On those battlegrounds, argues Micah Zenko of the Council on Foreign Relations, “our drones have become the counterinsurgency air force for those governments.”
“The real reason for most of these strikes has been to protect a regime in Pakistan or Yemen,” Zenko said.
Nobody contests the right of the United States to strike at terrorists who pose an imminent danger to U.S. citizens. But when the United States secretly uses armed force in another country’s internal conflict, “it sets a dangerous precedent,” he said.
Is the Obama administration listening? It can be hard to tell, since most of the drone program is shrouded in secrecy.
But in recent statements, administration officials from Obama on down have emphasized the importance of limiting the drone strikes. “Our goal has been to focus on al Qaida and to focus narrowly on those who would pose an imminent threat to the United States,” Obama said in a television interview in September.
“It’s not some random effort, not some unnecessarily broad effort, but a very targeted effort,” Obama’s national security adviser, Thomas Donilon, said last week.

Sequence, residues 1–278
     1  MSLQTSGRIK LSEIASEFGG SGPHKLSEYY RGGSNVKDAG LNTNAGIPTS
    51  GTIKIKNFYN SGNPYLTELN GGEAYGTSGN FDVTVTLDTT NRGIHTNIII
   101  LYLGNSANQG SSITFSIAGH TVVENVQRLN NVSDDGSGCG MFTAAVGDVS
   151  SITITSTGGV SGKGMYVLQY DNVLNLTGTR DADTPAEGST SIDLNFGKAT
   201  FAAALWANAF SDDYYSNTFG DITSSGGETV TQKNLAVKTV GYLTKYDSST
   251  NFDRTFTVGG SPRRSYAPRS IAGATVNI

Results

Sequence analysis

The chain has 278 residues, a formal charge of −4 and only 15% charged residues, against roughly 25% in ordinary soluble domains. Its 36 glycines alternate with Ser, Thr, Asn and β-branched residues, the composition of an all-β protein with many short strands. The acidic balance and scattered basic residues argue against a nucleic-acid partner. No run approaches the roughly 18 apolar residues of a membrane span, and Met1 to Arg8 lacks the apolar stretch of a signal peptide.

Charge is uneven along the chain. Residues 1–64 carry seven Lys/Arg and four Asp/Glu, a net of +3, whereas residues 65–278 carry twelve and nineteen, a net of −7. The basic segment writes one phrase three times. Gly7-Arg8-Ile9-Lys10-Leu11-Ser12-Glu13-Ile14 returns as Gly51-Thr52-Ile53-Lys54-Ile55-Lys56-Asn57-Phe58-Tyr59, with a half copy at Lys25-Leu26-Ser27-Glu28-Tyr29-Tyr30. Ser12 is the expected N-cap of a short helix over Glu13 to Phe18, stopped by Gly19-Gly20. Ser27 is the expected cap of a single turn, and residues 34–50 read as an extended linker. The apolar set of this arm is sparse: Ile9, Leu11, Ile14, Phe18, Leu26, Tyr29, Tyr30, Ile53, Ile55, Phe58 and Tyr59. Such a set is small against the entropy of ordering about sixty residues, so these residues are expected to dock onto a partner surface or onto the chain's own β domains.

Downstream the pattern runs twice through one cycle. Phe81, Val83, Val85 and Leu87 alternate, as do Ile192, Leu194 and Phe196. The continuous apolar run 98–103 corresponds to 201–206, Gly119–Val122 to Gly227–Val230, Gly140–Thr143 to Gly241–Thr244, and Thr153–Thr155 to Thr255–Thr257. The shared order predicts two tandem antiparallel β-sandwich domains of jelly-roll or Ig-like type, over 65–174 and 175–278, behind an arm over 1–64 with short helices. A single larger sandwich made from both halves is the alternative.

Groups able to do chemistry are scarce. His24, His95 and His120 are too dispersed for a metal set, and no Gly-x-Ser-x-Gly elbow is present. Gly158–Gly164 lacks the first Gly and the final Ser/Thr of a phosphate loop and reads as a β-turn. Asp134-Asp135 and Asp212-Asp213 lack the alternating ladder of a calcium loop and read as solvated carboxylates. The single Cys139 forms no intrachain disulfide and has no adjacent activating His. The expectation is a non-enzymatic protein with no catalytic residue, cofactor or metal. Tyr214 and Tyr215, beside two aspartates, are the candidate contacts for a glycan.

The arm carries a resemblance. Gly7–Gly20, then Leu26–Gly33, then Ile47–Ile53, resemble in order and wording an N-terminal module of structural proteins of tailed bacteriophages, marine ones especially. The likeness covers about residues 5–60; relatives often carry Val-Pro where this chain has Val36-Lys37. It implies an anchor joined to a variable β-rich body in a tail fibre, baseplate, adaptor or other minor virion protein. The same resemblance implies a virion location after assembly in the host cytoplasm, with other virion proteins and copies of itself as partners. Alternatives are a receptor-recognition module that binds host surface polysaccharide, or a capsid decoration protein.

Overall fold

So far, Zenko and other critics say, the administration’s practice doesn’t fully match its aspirations.
But in a little-noticed remark, Obama proposed that Congress replace its hastily drafted Authorization for Use of Military Force passed in the aftermath of 9/11.
“One of the things we’ve got to do is put a legal architecture in place — and we need congressional help in order to do that — to make sure that not only am I reined in, but any president’s reined in,” Obama said on Oct. 16 on, of all places, comedian Jon Stewart’s The Daily Show.
Congress has shown no great appetite to legislate the war on terror. Members may not relish the idea of explaining to constituents why politicians should place any limits on the use of armed force against terrorists. But reining in drones — holding them to their original use against terrorists who pose an imminent threat to the United States — would be a good idea.